How one Memorial couple is using drones to discover archaeological dig sites
Research is a way of life for Memorial University couple Amanda Crompton and Marc Bolli.
An information technology manager with CREAIT, Mr. Bolli has played a key role in every dig archaeologist Dr. Crompton completed while doing her graduate work and post-doctorate. Dr. Crompton is an adjunct faculty member of the Department of Archaeology, Faculty of Humanities and Social Sciences.
Now the two are taking their research partnership on the road to Germany’s Max Planck Institute for the History of Science, where Dr. Crompton has been awarded a nine-month fellowship. She will spend the majority of her time in Berlin analyzing and documenting the results from the unique data she and Mr. Bolli collected from French fishing sites on Newfoundland’s Great Northern Peninsula during the past couple of summers.
The low-elevation aerial data was collected using UAVs (unmanned aerial vehicles) and indicates changes, including “vegetation shadows”, that are typical of what anthropologists describe as “feral” landscapes: places that were once occupied but are now abandoned and overgrown by vegetation.
Think of the arresting images of Detroit’s crumbling mansions being reclaimed by nature but without the buildings.
“We think of our province as having wild landscapes but a lot of these landscapes aren’t fully natural. They have cultural origins but there aren’t buildings on them anymore,” said Dr. Crompton.
Where to dig?
Six years ago the couple became interested in UAVs as a hobby. Soon after, they recognized their potential in archaeological research.
“You can look in Google Earth and say, ‘I want to dig there,’ and then discover that the lovely verdant meadow is in fact the kind of bog that takes your shoes off,” laughed Dr. Crompton, who says that one of the questions she constantly gets asked from non-archaeologists is how she finds her sites.
Ultimately, archaeologists find sites in a variety of ways — from talking to people in communities to knowing where people from the past liked to live to recognizing subtle clues on the landscape.
The couple’s hypothesis was that lower elevation imagery might allow them to see topographical and vegetation changes that mark buried archaeological sites in greater detail than what is available in standard aerial photography.
Mr. Bolli says that the UAV — which flies at approximately 20 metres above the Earth — takes conventional pictures and turns “image tiles” into rendered models or photographic maps that a significant amount of information can be extracted from.
“Right around the time we were starting to apply these techniques, UAVs and the sensors that are used with them became more sophisticated and accessible to researchers without huge grants,” said Mr. Bolli. “It was a great intersection in terms of technology, price and time for this type of research.”
Dr. Crompton has been interested in the French fishery for over a decade now; it was the subject of both her PhD and her post-doctorate. Her graduate supervisor was the late Dr. Peter Pope. His work continues to inspire her own.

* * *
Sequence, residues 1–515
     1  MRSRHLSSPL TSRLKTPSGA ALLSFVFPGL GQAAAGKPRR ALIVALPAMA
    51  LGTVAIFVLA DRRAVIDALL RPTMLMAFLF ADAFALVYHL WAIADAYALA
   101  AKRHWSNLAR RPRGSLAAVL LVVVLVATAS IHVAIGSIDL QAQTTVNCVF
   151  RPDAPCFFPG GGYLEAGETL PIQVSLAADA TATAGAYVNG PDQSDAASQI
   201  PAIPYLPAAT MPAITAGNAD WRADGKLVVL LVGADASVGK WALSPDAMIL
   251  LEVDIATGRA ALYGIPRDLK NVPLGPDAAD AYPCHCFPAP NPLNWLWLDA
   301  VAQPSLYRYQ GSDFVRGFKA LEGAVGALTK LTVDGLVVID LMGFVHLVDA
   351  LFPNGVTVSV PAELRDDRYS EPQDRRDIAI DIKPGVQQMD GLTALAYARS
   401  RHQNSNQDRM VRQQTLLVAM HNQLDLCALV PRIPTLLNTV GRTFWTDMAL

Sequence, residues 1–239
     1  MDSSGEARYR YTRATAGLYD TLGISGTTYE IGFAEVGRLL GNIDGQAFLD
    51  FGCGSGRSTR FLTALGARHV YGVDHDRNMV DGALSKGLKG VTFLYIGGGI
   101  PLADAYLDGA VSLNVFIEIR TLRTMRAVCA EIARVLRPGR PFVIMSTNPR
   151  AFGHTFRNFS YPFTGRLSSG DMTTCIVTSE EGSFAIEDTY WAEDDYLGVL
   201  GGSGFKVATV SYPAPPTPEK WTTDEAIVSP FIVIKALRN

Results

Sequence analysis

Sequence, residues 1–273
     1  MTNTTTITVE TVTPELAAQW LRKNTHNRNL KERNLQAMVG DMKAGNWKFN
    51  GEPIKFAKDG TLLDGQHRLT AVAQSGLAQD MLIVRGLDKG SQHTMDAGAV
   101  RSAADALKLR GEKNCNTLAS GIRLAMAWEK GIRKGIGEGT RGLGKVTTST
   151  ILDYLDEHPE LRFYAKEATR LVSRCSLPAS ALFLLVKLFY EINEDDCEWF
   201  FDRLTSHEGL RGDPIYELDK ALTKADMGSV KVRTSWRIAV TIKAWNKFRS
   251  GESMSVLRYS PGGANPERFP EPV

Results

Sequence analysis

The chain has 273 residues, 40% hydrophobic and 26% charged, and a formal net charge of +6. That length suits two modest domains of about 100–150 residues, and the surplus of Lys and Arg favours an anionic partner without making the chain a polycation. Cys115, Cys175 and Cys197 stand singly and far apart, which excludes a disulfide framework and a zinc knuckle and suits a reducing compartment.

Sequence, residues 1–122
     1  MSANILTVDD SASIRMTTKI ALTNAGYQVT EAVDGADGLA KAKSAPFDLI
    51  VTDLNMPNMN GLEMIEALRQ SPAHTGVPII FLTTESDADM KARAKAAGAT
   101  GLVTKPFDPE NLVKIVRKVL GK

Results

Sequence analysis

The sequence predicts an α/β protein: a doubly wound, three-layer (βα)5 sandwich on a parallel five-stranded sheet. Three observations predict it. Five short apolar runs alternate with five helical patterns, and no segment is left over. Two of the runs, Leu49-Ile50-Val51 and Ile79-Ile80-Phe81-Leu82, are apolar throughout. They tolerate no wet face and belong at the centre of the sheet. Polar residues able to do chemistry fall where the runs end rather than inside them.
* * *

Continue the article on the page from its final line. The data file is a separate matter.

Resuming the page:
“Peter made reference to vegetation shadows that mark where sites were in his site notes from digs on the Great Northern Peninsula. I figured we could see those from the air if we flew over them. And that’s where it began.”
Tip of the GNP
Using the same beach for 500 years to gut fish enriches the soil of that beach. Humans make other marks on landscapes through digging into the earth to construct building foundations, changing the site’s topography. That anthropogenic soil then creates different environments for a variety of plants — the vegetation shadows originally noted by Dr. Pope.
The site they are examining this summer is just south of St. Anthony. There have been challenges: Carrying a drone through a bog and then through scrubby trees that Dr. Crompton describes as “Harry Potter-esque.” A rigorous approvals process with Transport Canada was required.
Archaeological sites near coastlines are under constant degradation due to erosion as well, so timing is also an issue.
Rotting fish and current landscapes
The couple will be back on the Northern Peninsula for one last visit this summer prior to leaving for their stint in Germany.
Dr. Crompton will spend nine months as a member of a working group focused on the bodies of animals. One of the original calls for proposals was for research on the proteins and fibres of animals and how humans interact with them.
“I saw that and thought: Let me tell you a story about rotting cod, soil enrichment and what that does to contemporary landscapes,” she laughed.
Mr. Bolli acknowledges the support of CREAIT in both allowing him to devote time to the project, in accessing instruments and allowing him a leave of absence for the 2018-19 academic year. Compute Canada has also provided computational support for the project. He plans to visit several institutes in and around the Berlin area to gain insights from experts on the computational side of remote sensing and bring those insights back to Memorial.
Ultimately what the researchers are trying to do is to establish links between anthropogenic soils that, in turn, feed distinct vegetation that can be seen from the air.
Dr. Crompton says their findings could have a great impact on how archaeologists approach potential sites in the future.
“The landscape is telling us something. We just have to listen.”
Janet Harron is a communications advisor with the Faculty of Humanities and Social Sciences. She can be reached at firstname.lastname@example.org.